Guide to Pinot Noir
It’s the key grape in France’s red Burgundy, produces high-quality, sought-after wines in California and Oregon, and is used in sparkling wine, rosé, and red and white wine production in the Northern and Southern Hemispheres. It’s no wonder the versatile Pinot Noir grape is so beloved!
What do you know about the world’s 10th most planted varietal?
Fast Facts about Pinot Noir
- Pinot Noir is believed to have originated in France, which currently has the highest number of Pinot Noir plantings. It is primarily produced in Burgundy (Bourgogne).
- The name is derived from the French words for “pine” and “black.” The name “pine” describes the tightly packed grapes within a cluster, which resembles a pine cone.
- Pinot Noir enjoys a moderate climate with cool temperatures.
- Pinot’s tightly clustered grapes make it susceptible to rot. This (plus its affinity for cool climates) makes it notoriously difficult to grow.
- The U.S. is the second-highest Pinot producer. Some of its well-known Pinot-producing regions are the Willamette Valley in Oregon and California’s Carneros, Central Coast, Sonoma Coast, and Russian River AVAs.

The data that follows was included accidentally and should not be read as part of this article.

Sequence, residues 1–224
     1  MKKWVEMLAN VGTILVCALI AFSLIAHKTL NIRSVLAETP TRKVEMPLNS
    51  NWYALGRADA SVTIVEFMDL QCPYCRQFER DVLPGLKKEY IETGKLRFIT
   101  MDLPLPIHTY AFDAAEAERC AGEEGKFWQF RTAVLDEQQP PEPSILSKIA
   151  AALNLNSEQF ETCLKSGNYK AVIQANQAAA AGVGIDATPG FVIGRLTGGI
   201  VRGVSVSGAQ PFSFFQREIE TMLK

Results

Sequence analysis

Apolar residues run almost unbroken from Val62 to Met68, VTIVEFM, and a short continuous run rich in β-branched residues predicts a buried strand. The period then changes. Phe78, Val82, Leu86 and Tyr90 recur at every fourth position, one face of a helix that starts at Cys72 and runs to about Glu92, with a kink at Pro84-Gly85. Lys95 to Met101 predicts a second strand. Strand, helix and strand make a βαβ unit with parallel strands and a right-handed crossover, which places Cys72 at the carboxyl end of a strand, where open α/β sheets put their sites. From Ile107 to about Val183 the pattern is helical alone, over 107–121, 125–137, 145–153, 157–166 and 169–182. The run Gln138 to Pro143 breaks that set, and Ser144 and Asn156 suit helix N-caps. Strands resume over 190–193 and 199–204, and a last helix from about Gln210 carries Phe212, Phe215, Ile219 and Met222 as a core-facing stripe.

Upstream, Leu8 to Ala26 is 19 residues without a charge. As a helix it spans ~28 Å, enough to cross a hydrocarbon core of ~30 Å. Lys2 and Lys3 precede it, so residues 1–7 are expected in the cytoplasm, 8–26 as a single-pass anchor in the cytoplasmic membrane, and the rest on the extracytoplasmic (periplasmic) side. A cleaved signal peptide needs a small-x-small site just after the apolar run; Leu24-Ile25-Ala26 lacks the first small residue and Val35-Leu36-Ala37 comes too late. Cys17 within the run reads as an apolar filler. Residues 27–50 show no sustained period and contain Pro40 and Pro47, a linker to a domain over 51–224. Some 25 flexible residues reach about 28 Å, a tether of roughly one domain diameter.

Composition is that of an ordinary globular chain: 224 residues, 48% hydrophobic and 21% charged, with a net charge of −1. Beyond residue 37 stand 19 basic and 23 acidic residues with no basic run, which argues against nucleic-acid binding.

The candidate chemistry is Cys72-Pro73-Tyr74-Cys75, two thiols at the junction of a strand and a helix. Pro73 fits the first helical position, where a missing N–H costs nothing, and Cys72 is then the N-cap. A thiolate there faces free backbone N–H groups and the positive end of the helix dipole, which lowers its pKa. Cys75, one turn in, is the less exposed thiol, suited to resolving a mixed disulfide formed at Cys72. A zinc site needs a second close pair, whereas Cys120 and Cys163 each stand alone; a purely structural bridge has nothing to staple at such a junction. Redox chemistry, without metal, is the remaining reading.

- The third and fourth highest Pinot-producing countries are Germany and Moldova.
- The Pinot Noir grape mutates easily. These mutations have given us Pinot Blanc and Pinot Gris.
- Pinot Noir is not only made into a red table wine but is also used for sparkling wine (it is one of only three grapes allowed in Champagne). It can also be pressed and fermented without skin contact to create a white Pinot Noir.
- New Zealand is quickly gaining a reputation for producing high-quality Pinot Noir.
Old World vs. New World Pinot Noir
Because it is grown in so many locations and produced under varying styles, it can be difficult to describe Pinot Noir’s flavor profile. In general, it is easiest to think of Pinot Noir as having a lighter body, higher acidity (making it incredibly food-friendly), and being lower in tannins. Its fruits are brighter as opposed to the deep, mature, and ripe fruits of other varietals.